Governments are throwing billions of dollars to bring broadband to homes: $7 billion in the US and $30 billion in Australia. We can debate whether such government intervention is needed or makes sense. Governments usually bet wrong, particularly in technology, and easily fall prey to political influences. These "investments" are intended to bring speeds of 50-100 Mbps to homes. The Korean government is promoting 1 Gbps service.
More than 95 percent of the U.S. already has broadband in terms of the capacity of the coaxial cable of the CATV provider. Utilized fully for digital, this medium has capacities of over 2,000 Mbps - though shared.
Will all this capacity be used for just more boring television programs? E-mail and voice require only a few kilo bps.
Data traffic is bursty, and a data circuit is idle most of the time. This bursty characteristic of data traffic was utilized in the early implementations of packet switching by the ARPANET in which many users shared a single 64 kbps data line.
A huge data pipe offers the ability to transmit a huge bucket of data in a short burst. Given the impatience of most consumers, this might be useful. For example, with a 100 Mbps pipe, 10 minutes of compressed music could be sent in a single one-second burst. Or 10 minutes of digital video could be sent in a single 12-second burst.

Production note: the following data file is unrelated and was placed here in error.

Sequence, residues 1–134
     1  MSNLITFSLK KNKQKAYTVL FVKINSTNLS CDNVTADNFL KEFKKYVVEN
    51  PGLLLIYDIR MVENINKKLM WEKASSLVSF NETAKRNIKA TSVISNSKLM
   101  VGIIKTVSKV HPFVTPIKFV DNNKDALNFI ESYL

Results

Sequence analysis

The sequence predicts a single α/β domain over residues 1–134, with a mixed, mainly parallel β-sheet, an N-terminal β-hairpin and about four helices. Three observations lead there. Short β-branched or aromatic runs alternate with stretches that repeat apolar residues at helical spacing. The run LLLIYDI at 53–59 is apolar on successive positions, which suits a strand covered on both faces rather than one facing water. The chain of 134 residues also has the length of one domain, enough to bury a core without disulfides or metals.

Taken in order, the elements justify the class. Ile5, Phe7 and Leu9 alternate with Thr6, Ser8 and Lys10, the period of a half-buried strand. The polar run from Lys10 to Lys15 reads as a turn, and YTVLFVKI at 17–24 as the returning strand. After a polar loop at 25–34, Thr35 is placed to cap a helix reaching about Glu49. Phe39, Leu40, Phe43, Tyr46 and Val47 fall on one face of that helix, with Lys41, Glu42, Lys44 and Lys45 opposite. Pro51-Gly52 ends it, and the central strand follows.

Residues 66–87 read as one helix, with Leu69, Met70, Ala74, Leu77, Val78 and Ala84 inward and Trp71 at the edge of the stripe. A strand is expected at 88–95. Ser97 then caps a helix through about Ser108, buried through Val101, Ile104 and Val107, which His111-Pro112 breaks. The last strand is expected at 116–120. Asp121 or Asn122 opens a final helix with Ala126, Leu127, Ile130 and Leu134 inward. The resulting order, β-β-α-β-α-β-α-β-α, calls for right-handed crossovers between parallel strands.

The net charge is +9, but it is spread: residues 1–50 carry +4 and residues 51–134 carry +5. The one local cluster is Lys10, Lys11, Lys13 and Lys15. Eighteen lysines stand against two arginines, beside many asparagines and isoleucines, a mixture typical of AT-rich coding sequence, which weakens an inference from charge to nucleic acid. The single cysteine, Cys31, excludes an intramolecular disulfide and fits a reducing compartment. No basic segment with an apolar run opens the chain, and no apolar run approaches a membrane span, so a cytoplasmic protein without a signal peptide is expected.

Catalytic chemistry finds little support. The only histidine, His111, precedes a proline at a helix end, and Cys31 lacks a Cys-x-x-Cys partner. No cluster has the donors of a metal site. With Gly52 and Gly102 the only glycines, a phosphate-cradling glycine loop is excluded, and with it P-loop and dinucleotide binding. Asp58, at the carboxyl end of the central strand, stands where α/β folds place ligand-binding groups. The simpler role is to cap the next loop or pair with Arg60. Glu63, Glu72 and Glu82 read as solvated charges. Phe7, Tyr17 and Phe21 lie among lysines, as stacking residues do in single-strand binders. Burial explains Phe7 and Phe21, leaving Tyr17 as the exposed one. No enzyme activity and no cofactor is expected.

Bursty broadband would offer not more or better - but faster performance. Software updates and downloads would be almost instant. Movies could be downloaded in a few minutes. Instantly gratified, consumers could then spend the next hours being bored to death on their couches.
But why governments should finance or promote this eludes me. Are they just competing with each other like lemmings in a line to disaster?
A. Michael Noll is a retired professor emeritus of the Annenberg School for Communication at the University of Southern California. Before that he was in marketing at AT&T, in research at Bell Labs, and in science policy at the White House. His web site is: http://noll.uscannenberg.org/.